FBI agent Robert Hanssen, who spied for the former Soviet Union and then Russia, died Monday in the penitentiary where he was serving 15 consecutive life sentences for betraying the United States.
Hanssen, 79, was “found unresponsive” at the Supermax federal prison in Florence, Colorado, according to a statement released by the FBI.
The statement gave no details on the reason for the death, but said no inmates or prison staff were injured and there was no danger to others at any time.
The prisoner was pronounced dead by the emergency crews who treated him at the scene.
Hanssen was arrested in 2001 and pleaded guilty to 15 counts of espionage for selling highly classified material to the Soviet Union and Russia during the last years of the Cold War. He had been in prison in Colorado since 2002.
On its website, the FBI describes him as “the most damaging spy” in the country’s history, as he provided Russians with national security information “in exchange for $1.4 million (R$6.8 million) in cash, bank funds and diamonds”. His espionage activities began in 1985, nine years after he joined the FBI.
Hanssen worked under the alias “Ramon Garcia” with the Russians and provided classified information that compromised “numerous human sources, counterintelligence techniques, investigations and dozens of classified government documents”, including to the KGB and its successor agency, the SVR, he claims. the FBI.
Thanks to his experience and training, Hanssen went unnoticed for years, although his activities raised some suspicions during his time working with Moscow.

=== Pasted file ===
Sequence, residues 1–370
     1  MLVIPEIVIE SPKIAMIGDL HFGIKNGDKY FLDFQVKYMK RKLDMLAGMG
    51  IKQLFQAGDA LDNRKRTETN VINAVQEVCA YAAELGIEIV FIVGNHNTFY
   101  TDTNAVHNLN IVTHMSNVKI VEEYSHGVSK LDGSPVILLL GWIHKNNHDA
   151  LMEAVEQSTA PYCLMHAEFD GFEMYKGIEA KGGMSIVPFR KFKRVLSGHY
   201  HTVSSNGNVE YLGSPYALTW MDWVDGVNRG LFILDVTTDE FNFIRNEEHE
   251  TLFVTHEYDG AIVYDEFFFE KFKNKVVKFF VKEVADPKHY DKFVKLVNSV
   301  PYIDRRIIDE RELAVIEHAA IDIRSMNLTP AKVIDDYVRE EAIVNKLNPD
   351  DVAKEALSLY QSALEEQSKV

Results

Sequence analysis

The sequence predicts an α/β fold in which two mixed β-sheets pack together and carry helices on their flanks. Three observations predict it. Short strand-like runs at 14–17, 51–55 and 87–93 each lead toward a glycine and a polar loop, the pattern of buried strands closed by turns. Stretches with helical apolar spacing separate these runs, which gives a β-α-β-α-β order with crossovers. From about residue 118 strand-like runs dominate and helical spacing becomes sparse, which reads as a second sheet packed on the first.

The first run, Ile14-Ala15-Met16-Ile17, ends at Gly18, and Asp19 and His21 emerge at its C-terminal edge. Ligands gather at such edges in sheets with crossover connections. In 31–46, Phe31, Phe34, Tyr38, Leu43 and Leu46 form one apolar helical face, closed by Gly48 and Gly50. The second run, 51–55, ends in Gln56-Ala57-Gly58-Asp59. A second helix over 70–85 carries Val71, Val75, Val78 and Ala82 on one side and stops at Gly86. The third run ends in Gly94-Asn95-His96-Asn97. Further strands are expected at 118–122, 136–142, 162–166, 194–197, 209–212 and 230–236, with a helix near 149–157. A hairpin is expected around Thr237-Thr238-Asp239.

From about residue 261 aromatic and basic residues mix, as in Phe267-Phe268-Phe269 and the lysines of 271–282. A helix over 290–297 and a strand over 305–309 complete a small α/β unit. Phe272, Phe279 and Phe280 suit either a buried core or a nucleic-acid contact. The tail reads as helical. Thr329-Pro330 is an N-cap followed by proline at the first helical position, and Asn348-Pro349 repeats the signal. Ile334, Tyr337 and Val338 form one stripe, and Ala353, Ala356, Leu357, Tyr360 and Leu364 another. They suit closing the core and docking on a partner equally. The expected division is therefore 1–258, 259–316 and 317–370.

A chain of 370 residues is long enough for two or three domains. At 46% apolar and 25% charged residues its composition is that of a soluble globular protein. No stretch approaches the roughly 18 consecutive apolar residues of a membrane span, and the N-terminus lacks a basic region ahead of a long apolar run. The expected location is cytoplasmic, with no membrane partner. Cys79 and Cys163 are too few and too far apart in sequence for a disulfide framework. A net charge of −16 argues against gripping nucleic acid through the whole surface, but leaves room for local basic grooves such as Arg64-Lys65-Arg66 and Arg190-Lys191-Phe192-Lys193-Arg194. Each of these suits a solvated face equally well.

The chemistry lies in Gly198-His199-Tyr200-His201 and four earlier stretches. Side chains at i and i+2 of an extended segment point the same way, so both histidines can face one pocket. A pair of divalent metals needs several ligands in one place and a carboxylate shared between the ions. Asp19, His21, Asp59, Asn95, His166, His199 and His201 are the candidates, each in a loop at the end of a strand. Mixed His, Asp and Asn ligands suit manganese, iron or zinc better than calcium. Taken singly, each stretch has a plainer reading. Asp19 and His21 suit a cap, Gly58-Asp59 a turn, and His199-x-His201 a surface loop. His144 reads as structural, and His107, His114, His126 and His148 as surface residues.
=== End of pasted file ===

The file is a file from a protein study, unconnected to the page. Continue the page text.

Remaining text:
In the 1990s, after the arrest of CIA agent Aldrich Ames for collaborating with the Russians, the CIA and FBI realized that there must be another spy on their teams who was sharing classified information, until they located Hanssen.
The American was arrested after being caught in the act in a Virginia park, where he was trying to contact another spy.
Months later, he pleaded guilty to selling thousands of classified documents to Moscow, containing data on US nuclear war strategy and counterintelligence information, among others.
Hanssen also warned the Russians of the existence of a secret tunnel built by the FBI under the Russian embassy in Washington to carry out eavesdropping and was accused of compromising dozens of Russians who had collaborated with the US, some of whom were executed.
At the time, the Department of Justice described the situation as “arguably the worst intelligence disaster in US history”.
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